• 108. Council Records, I., p. 353. During the time that the Tolbooth was in course of erection, from 12th April, 1626, to 31st March, 1627, the meetings of the town council, which had previously been held in the council-house of the old Tolbooth, were held in the New or Trongate Kirk, with the exception of two held in the Merchant's Hospital, and one in the Tolbooth. Sir William Brereton, a gentleman of Cheshire, who subsequently distinguished himself as a general in the parliamentary army, visited Glasgow in July, 1636, and thus describes the new Tolbooth:—"The Tole-boothe, which is placed in the middle of the town, and near unto the cross and market place, is a very fair and high-built house, from the top whereof, being leaded, you may take a full view and prospect of the whole city. In one of these rooms or chambers sits the council of this city; in other of the rooms or chambers preparation is made for the lords of the council to meet in these stately rooms. Herein is a closet lined with iron; walls, top, bottom, floor, and door, iron; wherein are kept the evidences and records of the city; this made, to prevent the danger of fire. This Tole-booth said to be the fairest in this kingdom" [Travels of Sir William Brereton (p. 94 Chetham Society) quoted by P. Hume Brown. Early Travellers in Scotland (1891), p. 151]. M'Ure also furnishes a description of the Tolbooth, thus erected, and though he wrote in 1736, upwards of a century after it had been completed, his description enables a distinct impression to be formed as to its general appearance. He says—"The town-house, or tolbooth, is a magnificent structure, being of length from east to west sixty-six foot, and from the south to the north twenty-four foot eight inches; it hath a stately staircase ascending to the justice-court-hall, within which is the entry of a large turnpike, or staircase, ascending to the town-council-hall, above which there was the dean of gild's old hall; but now is turned into two prison houses for prisoners of note and distinction. The council house is adorn'd with the effigies of king James VI., king Charles the I. and II., king James VII., king William and queen Mary, queen Anne, king George the I. and II., all in full length, and a fine large oval table, where the magistrates and town council and their clerk sits. The first story of this great building consists of six rooms, two whereof are for the magistrates' use, one for the dean of gild's court, and another for the collector of the town's excise. These apartments are all vaulted from the one end to the other, and there is a new addition built, appointed for a quorum of the council to sit, in order to determine and dispatch all such affairs as may be expede without the consent of the whole; but above all, the king's hall is the finest, the length whereof is forty-three foot eleven inches from east to west, and from south to north twenty-four foot, and the turnpike upon the east end. In this great building are five large rooms appointed for common prisoners; the steeple on the east end thereof being one hundred and thirteen foot high, adorn'd with a curious clock, all of brass, with four dial plates; it has a large bell for the use of the clock, and a curious sett of chymes and tuneable bells, which plays every two hours, and has four large touretts on the corners thereof, with thanes finely gilded, and the whole roof is cover'd with lead; upon the frontispiece of this building is his majesty's arms finely cut out, with a fine dial." [History of Glasgow, edit. 1830, pp. 207, 208.]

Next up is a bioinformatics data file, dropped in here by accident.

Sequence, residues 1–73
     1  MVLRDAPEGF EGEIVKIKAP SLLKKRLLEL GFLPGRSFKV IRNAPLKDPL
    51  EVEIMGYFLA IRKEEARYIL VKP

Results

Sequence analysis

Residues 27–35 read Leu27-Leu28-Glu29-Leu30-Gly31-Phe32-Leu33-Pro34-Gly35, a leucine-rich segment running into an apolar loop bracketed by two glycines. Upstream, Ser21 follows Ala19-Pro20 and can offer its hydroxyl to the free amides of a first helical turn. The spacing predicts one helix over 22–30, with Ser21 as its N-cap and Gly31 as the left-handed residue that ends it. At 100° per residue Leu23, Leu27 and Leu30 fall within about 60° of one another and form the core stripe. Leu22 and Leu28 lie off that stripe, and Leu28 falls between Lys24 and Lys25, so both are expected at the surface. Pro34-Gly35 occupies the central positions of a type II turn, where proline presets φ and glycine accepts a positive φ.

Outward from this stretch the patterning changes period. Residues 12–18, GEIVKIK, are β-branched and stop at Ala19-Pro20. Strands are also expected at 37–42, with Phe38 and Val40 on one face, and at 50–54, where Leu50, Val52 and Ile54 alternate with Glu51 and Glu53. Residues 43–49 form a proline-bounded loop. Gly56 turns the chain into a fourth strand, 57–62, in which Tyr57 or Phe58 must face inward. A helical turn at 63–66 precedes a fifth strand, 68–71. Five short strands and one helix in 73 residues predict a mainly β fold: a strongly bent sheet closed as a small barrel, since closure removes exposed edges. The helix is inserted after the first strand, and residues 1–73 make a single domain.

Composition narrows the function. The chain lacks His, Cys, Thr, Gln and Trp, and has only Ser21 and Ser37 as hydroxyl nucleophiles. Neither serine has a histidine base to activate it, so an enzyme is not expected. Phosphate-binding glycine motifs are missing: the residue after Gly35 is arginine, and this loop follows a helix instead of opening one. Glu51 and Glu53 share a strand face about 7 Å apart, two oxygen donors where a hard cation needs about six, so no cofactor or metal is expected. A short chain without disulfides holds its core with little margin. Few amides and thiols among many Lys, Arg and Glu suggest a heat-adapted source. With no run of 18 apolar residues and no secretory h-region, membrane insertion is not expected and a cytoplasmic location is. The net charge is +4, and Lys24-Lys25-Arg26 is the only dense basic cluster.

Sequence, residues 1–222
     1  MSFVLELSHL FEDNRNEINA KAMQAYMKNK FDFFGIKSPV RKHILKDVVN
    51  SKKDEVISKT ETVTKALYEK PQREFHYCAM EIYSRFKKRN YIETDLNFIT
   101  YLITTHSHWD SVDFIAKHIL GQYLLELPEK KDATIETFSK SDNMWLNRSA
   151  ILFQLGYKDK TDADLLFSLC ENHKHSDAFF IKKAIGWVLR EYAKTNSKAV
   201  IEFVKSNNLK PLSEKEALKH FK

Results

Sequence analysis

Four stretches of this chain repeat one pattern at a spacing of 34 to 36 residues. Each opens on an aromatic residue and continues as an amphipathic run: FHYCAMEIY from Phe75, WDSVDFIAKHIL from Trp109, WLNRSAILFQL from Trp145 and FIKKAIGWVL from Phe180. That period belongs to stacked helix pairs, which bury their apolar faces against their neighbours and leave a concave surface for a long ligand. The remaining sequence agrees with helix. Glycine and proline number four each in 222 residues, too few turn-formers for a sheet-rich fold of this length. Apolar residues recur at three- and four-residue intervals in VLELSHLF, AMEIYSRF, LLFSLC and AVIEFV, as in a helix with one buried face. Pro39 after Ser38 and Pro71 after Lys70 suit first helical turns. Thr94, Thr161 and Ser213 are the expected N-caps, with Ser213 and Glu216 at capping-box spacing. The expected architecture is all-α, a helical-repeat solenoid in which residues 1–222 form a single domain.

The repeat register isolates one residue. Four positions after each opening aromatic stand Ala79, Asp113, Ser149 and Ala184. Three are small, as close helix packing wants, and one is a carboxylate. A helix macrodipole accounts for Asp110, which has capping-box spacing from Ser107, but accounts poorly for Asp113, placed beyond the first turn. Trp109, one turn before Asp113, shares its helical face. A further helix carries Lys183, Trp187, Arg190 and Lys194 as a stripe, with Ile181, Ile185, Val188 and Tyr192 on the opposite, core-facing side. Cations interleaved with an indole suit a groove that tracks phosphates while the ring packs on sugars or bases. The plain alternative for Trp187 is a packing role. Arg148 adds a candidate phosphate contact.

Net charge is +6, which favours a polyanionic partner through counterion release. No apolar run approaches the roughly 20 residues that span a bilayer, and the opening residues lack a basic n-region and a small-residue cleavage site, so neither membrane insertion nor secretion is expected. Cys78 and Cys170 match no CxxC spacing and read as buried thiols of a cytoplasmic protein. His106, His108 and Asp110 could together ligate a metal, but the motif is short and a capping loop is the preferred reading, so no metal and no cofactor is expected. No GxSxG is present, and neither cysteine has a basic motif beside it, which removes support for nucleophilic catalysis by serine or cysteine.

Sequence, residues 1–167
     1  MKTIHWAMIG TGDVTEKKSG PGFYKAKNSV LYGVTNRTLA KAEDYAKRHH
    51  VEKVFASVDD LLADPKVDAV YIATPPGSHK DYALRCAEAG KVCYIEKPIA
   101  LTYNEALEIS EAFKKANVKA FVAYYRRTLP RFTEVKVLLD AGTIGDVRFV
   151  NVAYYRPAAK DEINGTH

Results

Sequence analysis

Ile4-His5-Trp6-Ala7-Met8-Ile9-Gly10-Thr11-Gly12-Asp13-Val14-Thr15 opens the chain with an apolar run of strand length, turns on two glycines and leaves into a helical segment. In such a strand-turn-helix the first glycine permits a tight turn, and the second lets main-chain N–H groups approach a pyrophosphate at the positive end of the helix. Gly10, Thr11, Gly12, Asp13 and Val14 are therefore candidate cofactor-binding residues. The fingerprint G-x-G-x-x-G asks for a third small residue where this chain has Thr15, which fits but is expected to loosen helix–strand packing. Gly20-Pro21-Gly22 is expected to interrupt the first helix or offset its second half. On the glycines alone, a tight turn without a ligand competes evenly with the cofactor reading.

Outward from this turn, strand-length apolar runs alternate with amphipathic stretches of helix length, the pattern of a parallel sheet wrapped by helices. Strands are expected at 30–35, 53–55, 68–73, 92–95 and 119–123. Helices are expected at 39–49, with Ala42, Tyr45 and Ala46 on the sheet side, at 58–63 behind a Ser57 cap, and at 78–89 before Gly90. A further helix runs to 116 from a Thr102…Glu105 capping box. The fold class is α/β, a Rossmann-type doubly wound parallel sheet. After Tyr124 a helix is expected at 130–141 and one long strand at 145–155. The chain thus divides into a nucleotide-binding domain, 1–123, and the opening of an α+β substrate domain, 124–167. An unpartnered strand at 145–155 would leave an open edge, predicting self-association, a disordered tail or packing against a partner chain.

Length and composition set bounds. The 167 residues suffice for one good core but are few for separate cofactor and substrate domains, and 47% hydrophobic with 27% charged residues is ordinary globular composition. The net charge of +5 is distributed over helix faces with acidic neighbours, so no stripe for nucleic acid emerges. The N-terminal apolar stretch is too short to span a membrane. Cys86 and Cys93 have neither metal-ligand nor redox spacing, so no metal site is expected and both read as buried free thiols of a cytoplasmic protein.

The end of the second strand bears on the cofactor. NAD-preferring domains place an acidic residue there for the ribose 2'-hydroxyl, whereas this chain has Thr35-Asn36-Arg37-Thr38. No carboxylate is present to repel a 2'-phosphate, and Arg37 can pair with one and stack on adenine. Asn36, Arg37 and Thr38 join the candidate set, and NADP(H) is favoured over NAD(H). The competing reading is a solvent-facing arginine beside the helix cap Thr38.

• 109. Council Records, I., p. 358.
  • 110. Ibid., I., pp. 361, 362.
  • 111. Ibid., I., pp. 362, 363.
  • 112. Council Records, I., p. 363.
  • 113. Convention Records, III., p. 212.
  • 114. Convention Records, III., p. 224.